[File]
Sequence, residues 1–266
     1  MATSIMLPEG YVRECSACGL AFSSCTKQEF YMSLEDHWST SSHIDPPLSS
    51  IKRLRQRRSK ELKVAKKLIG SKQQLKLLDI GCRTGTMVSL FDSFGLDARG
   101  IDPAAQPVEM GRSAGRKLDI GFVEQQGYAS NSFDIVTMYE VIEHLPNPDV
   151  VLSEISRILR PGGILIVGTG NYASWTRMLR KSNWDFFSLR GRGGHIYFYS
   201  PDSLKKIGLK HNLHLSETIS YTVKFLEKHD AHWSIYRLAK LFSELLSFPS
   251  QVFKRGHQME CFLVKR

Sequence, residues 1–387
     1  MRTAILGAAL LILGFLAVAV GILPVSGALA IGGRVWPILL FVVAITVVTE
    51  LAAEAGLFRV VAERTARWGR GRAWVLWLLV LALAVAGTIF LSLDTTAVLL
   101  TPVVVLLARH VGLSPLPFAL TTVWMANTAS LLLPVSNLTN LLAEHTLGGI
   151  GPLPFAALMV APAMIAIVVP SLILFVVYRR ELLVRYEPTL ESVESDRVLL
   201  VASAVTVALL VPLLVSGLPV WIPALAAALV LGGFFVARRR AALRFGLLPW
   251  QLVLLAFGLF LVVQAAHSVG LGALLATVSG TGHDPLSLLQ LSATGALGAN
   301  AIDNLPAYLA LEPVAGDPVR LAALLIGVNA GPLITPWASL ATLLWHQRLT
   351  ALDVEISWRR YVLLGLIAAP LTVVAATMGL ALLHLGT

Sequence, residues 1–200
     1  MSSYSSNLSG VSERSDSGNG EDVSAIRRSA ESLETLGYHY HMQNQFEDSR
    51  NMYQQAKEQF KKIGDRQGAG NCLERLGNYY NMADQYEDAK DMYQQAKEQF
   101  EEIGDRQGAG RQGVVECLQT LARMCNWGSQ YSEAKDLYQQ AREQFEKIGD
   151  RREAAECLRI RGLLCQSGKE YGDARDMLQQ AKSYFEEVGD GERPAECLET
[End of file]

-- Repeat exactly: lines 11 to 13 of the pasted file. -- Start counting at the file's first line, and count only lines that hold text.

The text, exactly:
   101  TPVVVLLARH VGLSPLPFAL TTVWMANTAS LLLPVSNLTN LLAEHTLGGI
   151  GPLPFAALMV APAMIAIVVP SLILFVVYRR ELLVRYEPTL ESVESDRVLL
   201  VASAVTVALL VPLLVSGLPV WIPALAAALV LGGFFVARRR AALRFGLLPW